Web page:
Kaspersky Lab has successfully patented a system and method for the efficient and exact comparison of software elements. Patent №8499167, granted by the United States Patent and Trademark office, describes a file comparison method that determines the degree of similarity between files in a more efficient manner, and which successfully detects malicious objects that have been modified in an attempt to bypass the detection mechanisms in security software.
Kaspersky Lab experts detect about 200,000 new malware samples every day; a year ago that figure was 125,000. Because of the rapid rise in the amount of malware, the ability to detect new threats fast and accurately is of greater importance to antivirus vendors.
One way to check for a malicious presence is to compare an unknown file with an existing collection of malicious objects. If a comparison shows the new file is very similar to one or several files in the collection, in most cases that file turns out to be malicious. Comparing a new file stream with a collection of known samples helps effectively combat the huge number of malicious software appearing every day. However, the comparison mechanism itself is not ideal.
Two files can be compared using the knowledge of their structure – this method is widely used in the antivirus industry. However, cybercriminals often litter their files with random data, which changes the file structure and means they don’t show any similarities to malware samples in existing collections.
At the same time, emulation is often used to determine a file’s functions and to check if there are any similar files in the malware collection. This approach involves a file being run in a virtual environment where information about its behavior is collected. This data is later compared with existing information on malware behavior. If there are similarities, the file is considered malicious. However, emulation is a resource-intensive and comparatively long process. Moreover, some files can recognize when they are being launched in a virtual environment and stop functioning.
The experts at Kaspersky Lab took all these characteristics into account when developing the new file comparison technology.
The Strings Theory
The newly patented technology is based on the idea that a file’s functionality can be determined based on analyzing the strings contained in it, even before the file is executed. Strings in a file provide information on how it will be executed in the operating system (file names, registry keys, web links), i.e., the file’s ‘synopsis’ of sorts. Historically, practical implementation of this idea ran into a problem: which strings in a file should be analyzed? How do you identify those which indicate that a file has malicious functionality? How should the search be performed to produce results in reasonable time and with minimal consumption of resources?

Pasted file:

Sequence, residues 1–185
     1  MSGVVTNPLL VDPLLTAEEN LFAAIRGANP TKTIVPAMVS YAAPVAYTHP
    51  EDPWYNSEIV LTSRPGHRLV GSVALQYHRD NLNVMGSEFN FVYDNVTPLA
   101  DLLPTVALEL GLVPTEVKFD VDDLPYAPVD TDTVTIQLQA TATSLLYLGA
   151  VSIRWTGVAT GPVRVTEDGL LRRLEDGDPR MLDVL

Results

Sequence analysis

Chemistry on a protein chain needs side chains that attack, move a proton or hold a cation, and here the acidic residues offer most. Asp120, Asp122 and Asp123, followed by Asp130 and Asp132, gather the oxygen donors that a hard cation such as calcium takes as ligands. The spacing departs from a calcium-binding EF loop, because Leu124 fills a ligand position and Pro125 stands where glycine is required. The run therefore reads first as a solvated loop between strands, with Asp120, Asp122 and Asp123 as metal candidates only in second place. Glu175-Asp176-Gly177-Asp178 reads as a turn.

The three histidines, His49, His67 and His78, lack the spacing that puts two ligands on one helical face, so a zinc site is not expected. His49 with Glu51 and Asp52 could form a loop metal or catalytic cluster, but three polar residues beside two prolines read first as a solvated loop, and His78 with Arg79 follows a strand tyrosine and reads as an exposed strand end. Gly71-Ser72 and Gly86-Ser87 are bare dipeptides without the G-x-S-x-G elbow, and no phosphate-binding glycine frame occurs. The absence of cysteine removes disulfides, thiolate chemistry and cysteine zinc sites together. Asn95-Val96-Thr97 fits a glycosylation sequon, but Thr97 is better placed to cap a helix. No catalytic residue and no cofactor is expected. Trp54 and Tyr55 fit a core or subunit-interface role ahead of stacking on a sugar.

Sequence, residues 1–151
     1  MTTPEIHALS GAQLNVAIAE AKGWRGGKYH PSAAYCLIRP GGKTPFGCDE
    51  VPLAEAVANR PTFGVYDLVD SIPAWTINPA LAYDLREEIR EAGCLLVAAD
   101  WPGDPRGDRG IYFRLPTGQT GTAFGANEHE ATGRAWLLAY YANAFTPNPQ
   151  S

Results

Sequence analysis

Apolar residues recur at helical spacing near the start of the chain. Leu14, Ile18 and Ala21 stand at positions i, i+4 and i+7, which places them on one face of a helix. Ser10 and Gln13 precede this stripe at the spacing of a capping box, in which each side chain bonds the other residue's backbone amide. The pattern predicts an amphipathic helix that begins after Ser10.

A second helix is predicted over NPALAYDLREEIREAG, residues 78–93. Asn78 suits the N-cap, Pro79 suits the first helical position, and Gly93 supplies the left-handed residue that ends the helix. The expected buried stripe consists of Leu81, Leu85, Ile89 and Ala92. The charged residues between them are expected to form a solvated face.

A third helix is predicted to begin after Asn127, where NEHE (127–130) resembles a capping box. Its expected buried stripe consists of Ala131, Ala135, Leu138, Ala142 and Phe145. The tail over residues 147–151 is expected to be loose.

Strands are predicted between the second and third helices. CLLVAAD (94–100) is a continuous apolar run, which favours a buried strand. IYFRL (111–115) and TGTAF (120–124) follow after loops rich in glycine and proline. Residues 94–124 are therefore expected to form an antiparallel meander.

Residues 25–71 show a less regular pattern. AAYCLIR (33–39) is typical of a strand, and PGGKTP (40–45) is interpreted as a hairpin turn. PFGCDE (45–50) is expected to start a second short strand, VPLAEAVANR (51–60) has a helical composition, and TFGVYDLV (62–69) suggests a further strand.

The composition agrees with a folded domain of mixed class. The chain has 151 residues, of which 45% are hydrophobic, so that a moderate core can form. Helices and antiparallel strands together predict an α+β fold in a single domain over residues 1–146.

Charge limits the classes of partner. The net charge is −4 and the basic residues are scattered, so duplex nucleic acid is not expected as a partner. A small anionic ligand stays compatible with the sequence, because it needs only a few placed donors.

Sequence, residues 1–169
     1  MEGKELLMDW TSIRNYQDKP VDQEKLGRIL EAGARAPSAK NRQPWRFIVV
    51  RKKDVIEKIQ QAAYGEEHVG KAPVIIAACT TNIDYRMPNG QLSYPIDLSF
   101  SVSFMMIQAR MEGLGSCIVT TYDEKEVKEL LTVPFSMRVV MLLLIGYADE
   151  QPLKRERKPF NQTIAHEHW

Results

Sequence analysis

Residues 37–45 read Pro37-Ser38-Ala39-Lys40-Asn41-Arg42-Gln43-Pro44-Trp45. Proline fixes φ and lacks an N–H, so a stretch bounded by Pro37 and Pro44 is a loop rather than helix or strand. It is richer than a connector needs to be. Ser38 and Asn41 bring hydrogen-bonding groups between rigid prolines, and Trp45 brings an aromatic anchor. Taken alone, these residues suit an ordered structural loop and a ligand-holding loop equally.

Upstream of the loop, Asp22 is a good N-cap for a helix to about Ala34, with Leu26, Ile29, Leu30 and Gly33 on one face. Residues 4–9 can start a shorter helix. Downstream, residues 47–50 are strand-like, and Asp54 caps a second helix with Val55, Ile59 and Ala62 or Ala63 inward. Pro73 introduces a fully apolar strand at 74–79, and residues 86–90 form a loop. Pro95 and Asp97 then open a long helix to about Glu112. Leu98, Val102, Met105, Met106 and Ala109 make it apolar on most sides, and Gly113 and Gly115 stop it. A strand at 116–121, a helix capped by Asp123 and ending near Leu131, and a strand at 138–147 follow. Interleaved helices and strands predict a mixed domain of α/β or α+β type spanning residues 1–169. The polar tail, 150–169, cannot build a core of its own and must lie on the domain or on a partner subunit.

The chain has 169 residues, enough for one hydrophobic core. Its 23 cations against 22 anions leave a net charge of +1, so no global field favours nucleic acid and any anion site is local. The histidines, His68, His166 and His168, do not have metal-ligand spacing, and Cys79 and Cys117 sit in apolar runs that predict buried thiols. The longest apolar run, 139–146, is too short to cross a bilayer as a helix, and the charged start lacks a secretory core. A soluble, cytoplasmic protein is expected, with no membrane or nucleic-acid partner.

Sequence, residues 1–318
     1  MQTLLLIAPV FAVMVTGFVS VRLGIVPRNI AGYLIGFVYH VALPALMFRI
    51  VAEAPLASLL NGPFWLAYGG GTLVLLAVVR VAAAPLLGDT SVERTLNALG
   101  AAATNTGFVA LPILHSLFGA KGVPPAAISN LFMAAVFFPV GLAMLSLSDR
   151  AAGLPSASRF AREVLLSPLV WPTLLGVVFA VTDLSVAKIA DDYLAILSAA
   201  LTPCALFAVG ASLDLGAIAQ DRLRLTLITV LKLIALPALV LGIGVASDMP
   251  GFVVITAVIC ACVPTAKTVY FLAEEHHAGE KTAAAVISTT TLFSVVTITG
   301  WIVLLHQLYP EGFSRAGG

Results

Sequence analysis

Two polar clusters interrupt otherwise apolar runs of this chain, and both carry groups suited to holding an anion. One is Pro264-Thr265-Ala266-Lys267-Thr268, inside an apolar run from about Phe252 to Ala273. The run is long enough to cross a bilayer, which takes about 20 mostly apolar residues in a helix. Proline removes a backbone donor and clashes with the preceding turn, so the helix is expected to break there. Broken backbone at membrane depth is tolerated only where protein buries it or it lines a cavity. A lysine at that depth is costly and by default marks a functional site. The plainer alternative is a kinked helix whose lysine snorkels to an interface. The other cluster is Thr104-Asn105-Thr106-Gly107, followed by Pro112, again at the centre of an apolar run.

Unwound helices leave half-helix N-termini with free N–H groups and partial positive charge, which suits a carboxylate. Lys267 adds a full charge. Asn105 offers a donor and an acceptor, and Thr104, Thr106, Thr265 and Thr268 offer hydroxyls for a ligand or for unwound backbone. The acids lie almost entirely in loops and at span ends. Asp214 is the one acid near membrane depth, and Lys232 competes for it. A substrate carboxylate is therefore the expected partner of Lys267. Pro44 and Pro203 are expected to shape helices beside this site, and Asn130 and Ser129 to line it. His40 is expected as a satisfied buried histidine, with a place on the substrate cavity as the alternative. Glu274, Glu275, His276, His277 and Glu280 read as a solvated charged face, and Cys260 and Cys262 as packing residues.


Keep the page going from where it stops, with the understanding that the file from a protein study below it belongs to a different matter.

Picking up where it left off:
The technology patented by Kaspersky Lab describes an algorithm for comparing files string-by-string to determine how similar their functionality is. When the antivirus lab receives an unknown file, a special program analyzes the strings contained in it, then filters out those which are not relevant based on a set of rules and then compares the remaining strings with a collection of malicious files analyzed in a similar way.
“What sets our technology apart is that it can quickly compare file ‘synopses’ to an enormous malware database and ‘knows’ where in the file to look for the key elements, an analysis of which can provide an insight into the file’s functionality,” commented Alexey Malanov, a Kaspersky Lab malware expert and developer of the newly-patented technology.
Although the technology was not patented until recently, Kaspersky Lab experts have been using it to detect new malware samples for a long time.
Kaspersky Lab works hard to patent as many advanced technologies that protect digital devices against cyberthreats as possible. As of early August 2013, Kaspersky Lab’s portfolio included over 160 patents issued in the US, Russia, EU and China. In addition to that, over 210 patent applications are currently under consideration by these countries’ patent authorities.